As mentioned in my previous post, a very traditional dish to serve during both the Lenten and the Advent/Christmas seasons in Mexico is called “Revoltijo”, which literally translates as “jumble.” A few years ago, because of the difficulty of finding Mexican ingredients in Canada, I would not have contemplated cooking this dish, with red mole, cactus paddles, and a pot herb called romeritos, bearing the weight of giving revoltijo its distinctive flavour; with globalization, though, those ingredients may now be found fresh, canned, or in the form of decent substitutions. Also, because of my allergies, and for a nice vegetarian option, I omitted dry shrimp from the traditional recipe, and prepared a batch of the indispensable patties following my recipe for shrimp-less patties.
It might sound like a somewhat labour-intensive process to prepare each of the individual components in revoltijo, but then – as its name indicates – it is just a matter of adding everything to the pot, for a delicious jumble of textures and flavours.
Mexican Patties and Vegetables in Red Mole –
Ingredients (For 3-4 portions)
½ cup red mole paste (click here for my recipe, or from jar)
1 tbsp oil
1 ½ cups water
1 lb (454 g) baby potatoes; scrubbed, rinsed and cooked
1 cup cactus paddles (nopales); cleaned and sliced (click here for: how to prepare from fresh); or canned
1 cup pot herbs, such as salsola or romeritos; washed and drained (if not available, use baby spinach, or omit)
6 shrimp-less patties (from my previous post; click here for printable recipe)
Corn tortillas or crusty bread; to serve
To cook fresh nopales: place in a pan over medium heat; stir and cook for about two minutes, until heated through (photo below, left). Lower heat to a simmer, and cover pan with a lid. Allow to cook undisturbed for about fifteen minutes. Uncover and continue cooking until all the liquid has evaporated (photo below, right):
Cooked this way, the nopales are not slimy, and do not have to be rinsed. Remove from heat and reserve. Note: If using canned strips, rinse in cold water, drain and reserve.
To cook the pot herbs: Salsola and romeritos are pot herbs from the Amaranthaceae family; they both grow in salty soils. They look similar when raw, as seen in the photos below; the one on the left is salsola (also known as agretti) from my backyard garden, and on the right, romeritos from a batch in Mexico:
To prepare, the washed and drained sprigs are cleaned from any wilted tips, or tough stems, then they are added to a pot with boiling water over high heat (photos below, salsola in Canada on the left, and romeritos at my sister’s house in Mexico, on the right):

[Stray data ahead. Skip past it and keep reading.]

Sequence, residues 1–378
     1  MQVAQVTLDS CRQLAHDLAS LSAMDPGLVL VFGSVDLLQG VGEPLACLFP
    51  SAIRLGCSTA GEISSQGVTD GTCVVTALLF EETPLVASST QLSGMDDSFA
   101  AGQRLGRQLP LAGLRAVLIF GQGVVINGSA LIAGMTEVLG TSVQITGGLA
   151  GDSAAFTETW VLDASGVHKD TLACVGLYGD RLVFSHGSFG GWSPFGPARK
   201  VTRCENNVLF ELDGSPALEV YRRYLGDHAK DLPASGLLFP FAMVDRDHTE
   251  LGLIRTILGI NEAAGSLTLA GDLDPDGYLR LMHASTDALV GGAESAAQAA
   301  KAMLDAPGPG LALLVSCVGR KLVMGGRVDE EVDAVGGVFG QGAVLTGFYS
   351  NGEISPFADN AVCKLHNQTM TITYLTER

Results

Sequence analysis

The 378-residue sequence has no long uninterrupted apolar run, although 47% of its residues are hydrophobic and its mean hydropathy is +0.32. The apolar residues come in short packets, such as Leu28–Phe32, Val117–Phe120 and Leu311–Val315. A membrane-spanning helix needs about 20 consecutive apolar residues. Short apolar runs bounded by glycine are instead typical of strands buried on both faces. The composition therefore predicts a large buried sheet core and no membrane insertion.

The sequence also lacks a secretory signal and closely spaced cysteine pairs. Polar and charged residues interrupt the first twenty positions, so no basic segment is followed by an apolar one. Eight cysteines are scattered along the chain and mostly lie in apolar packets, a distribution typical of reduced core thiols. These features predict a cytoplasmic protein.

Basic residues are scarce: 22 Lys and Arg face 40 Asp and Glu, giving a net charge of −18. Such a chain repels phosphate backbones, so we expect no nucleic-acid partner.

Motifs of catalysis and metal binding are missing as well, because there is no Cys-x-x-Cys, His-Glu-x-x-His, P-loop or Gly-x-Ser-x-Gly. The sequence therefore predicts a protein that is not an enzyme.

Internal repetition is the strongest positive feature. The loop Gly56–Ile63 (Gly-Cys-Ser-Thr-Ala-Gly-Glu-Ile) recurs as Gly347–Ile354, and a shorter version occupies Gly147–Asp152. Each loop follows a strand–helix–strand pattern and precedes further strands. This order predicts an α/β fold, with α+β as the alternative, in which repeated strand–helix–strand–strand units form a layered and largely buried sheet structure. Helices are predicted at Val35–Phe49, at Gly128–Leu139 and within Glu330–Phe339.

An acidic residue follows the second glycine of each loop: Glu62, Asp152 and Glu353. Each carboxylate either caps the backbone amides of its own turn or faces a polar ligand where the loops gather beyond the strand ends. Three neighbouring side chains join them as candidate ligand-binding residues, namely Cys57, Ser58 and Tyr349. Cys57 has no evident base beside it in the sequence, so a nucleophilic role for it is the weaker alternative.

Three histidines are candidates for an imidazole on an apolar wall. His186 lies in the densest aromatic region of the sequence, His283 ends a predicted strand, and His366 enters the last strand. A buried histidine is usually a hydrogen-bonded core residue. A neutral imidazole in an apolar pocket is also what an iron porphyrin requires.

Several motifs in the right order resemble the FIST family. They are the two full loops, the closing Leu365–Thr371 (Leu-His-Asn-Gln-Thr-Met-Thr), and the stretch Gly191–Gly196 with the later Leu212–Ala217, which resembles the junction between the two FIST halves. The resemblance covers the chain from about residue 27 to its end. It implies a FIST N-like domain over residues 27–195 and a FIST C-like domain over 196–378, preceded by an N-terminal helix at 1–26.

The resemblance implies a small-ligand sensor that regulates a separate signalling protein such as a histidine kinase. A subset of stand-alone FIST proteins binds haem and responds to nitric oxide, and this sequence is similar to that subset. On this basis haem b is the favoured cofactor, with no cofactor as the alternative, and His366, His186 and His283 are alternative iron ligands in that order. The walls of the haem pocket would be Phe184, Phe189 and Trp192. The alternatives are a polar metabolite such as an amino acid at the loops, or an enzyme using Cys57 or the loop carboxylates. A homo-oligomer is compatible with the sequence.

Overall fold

Notice the different shades of green when raw; remove from heat once they have turned a bright shade of green. Rinse with cold water and drain in a colander:
Once cooked, salsola (on the photo above, left) and romeritos (right) look very similar, and the taste and texture are also close. If not available, cooked baby spinach might be used as a last-resource alternative. Reserve.
For the patties: Prepare patties as directed in my previous post:
Save six patties for another use, or prepare half a batch to make six patties. Reserve.
To assemble the revoltijo: In a large pot, warm up oil over medium heat; add mole paste, stirring for a few seconds. Add water and continue stirring, until paste has dissolved and the sauce is smooth. Add potatoes, coating with the mole (photo below, left); incorporate cactus (photo below, right):
Add patties (photo below, left), followed by the cooked pot herbs (photo below, right):
Bring to a boil, then reduce heat to a simmer, and allow all the ingredients to cook together for about ten minutes. Serve hot, arranging portions of all the ingredients on a plate, and covering with a generous amount of mole:
Offer warm corn tortillas or crusty bread on the side.
It was all worth it, hanging on until all the components were properly prepared and assembled in the stew, while daydreaming of a bite of those fluffy patties, soaked in mole and supplemented by the interesting combination of flavours of tangy nopales, salty potherbs and comforting potatoes:
I am bringing my recipe to Thursday Favourite Things #432 with Bev @ Eclectic Red Barn, Pam @ An Artful Mom, Katherine @ Katherine’s Corner, Amber @ Follow the Yellow Brick Home, Theresa @ Shoestring Elegance and Linda @ Crafts a la Mode.
I am also contributing to Full Plate Thursday #477 with Miz Helen @ Miz Helen’s Country Cottage.